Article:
A fine idea.
(Surf film is currently experiencing a golden age and since you are stuck indoors, alone, depressed, scared it will be a fine time to watch some. The following piece appears in the latest Surfer’s Journal. Subscribe here.)
At the last surf film screening I attended, I expected to be horrified and perhaps sickened by what I had been told would happen to the directors. Everything I’d read online about modern surf film insisted that it was a stupid, brutal, outdated business. Most surf journalists who wrote of surf film condemned the genre as utterly dead and worthless.
Even those who wrote well of it, as a historically significant exercise, deplored actually screening new films and were apologetic about the whole thing. The public shaming of the directors, in what were certain to be empty theaters—nobody there because nobody watches surf films anymore—was considered inevitable.I suppose that from a modern point of view, an Instagram point of view, the whole surf film charade is silly.
Who has time for anything more than a minute long? The best clips aren’t held for some archaic, long-form nonsense. They are instantly run up the flagpole, gathering likes and starry-eyed emojis by the megabyte, bringing a euphoric sense of self that psychologists at Cosmopolitan refer to as the “reward cycle.”Likes and starry-eyed emojis trigger the same dopamine receptors as winning money or eating chocolate, Cosmopolitan’s psychologists say. Likes and starry-eyed emojis, or sometimes heart-eyed emojis, that come straight from the user to the surfer himself or herself.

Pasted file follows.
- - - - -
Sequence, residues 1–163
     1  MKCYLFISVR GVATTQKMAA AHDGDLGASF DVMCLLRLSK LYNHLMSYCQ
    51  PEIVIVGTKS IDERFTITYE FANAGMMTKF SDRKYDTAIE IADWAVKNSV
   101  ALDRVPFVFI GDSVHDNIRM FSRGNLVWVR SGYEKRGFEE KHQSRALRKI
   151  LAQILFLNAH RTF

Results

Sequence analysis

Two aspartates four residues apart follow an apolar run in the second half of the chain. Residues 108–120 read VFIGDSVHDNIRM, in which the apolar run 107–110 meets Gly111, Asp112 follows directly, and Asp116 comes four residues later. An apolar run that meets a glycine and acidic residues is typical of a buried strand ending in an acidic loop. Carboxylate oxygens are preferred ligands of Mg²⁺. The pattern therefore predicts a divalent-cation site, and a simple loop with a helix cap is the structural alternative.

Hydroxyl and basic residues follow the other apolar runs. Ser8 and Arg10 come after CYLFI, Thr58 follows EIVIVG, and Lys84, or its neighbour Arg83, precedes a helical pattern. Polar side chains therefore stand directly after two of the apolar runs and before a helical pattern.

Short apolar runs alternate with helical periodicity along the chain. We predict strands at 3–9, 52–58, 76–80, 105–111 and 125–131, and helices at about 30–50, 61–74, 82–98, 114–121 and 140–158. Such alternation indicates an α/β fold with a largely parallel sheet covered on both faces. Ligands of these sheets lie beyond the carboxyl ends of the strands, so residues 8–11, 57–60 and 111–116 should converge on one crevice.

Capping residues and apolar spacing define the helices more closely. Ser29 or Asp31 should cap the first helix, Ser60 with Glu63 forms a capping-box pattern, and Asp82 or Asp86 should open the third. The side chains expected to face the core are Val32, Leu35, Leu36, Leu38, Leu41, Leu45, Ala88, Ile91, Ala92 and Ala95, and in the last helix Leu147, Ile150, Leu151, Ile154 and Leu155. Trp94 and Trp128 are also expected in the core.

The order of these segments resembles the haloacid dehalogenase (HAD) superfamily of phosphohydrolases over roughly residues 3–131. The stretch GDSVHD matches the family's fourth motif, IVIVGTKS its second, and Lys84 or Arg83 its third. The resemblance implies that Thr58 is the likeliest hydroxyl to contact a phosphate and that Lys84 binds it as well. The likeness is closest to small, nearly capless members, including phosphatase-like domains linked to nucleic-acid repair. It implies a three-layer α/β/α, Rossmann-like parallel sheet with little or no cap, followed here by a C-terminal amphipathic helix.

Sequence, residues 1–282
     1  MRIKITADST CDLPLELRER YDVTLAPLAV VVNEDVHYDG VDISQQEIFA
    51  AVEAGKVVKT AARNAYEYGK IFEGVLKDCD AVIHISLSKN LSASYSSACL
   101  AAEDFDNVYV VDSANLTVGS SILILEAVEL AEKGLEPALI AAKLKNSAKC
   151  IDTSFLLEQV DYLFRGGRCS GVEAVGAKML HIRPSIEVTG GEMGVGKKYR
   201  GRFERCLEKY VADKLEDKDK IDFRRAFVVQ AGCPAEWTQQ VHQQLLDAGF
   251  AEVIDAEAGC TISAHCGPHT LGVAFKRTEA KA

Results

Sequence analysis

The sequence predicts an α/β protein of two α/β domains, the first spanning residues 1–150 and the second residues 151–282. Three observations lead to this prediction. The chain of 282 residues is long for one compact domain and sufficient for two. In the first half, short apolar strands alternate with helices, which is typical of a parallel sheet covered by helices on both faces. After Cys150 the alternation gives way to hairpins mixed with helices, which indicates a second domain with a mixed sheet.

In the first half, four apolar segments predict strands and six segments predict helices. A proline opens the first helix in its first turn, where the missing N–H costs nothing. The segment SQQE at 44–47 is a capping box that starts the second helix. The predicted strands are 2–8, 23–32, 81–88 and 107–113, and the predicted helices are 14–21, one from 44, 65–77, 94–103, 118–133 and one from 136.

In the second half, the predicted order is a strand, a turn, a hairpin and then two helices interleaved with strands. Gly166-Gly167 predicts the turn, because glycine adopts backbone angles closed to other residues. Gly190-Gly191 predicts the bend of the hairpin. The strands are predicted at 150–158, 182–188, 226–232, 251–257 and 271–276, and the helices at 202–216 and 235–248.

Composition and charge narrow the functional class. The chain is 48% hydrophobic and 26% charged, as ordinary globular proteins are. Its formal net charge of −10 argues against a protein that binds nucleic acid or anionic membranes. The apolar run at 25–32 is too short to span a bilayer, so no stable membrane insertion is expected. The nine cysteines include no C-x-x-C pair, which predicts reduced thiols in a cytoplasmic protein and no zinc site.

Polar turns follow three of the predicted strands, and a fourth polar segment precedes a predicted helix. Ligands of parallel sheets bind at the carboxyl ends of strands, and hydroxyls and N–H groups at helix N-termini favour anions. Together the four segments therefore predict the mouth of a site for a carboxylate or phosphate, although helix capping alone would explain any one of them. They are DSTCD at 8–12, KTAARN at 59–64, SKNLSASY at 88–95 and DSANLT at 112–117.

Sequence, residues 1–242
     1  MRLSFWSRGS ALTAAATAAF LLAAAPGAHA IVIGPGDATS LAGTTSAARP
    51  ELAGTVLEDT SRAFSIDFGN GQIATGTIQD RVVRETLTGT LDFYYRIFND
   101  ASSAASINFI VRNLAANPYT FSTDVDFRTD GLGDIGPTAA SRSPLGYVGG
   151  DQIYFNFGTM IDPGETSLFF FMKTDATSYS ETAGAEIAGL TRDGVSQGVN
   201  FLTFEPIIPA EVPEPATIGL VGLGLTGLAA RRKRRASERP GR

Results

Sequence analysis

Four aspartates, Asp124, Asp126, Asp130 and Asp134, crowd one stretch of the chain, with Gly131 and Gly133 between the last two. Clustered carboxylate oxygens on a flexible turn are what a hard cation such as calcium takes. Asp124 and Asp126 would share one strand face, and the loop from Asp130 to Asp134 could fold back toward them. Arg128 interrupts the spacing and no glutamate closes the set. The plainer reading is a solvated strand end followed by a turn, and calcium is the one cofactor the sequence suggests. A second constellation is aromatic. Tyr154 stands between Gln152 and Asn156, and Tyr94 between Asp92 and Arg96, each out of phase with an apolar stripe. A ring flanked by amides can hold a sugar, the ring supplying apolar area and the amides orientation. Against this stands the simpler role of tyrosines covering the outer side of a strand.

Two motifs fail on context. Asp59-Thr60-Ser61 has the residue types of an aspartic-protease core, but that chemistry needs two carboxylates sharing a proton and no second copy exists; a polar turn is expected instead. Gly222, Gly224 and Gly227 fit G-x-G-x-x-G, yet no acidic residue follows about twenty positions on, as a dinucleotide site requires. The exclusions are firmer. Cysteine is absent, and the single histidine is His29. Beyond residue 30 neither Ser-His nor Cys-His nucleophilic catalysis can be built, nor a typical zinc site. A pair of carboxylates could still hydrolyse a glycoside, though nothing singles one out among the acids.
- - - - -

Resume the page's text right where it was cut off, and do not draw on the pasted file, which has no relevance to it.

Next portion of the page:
There is no need to wait months or years for clapping hands, loud whistles and “yew” shouts. No need for anything to be filtered through a director.I should not try to defend surf film or the surf film director, but I must tell honestly the things I have found to be true. I went to the Florida Surf Film Festival to see surf films and write about the various films for myself.
I thought they would be simple, boring, outdated, stupid, and that I would not like them very much. But I still had to go and learn and know what modern surf film truly felt like. I had to keep my eyes open, longer than a minute, and force my attention span to track along. I couldn’t allow myself to turn away when the directors went on stage to introduce their various surf films, gazing out at an audience of four who all also happen to be surf film directors.
Also, I went because I accidentally directed a surf film that would be playing at the festival, the second accidental surf film that I accidentally directed, and being on stage and gazing out at an audience of three who all happen to be sound engineers or possibly producers, letting the shame wash over me, would be a valuable exercise no matter how horrifying and sickening.
And subscribe to The Surf Network then binge ’til your eyes fall out!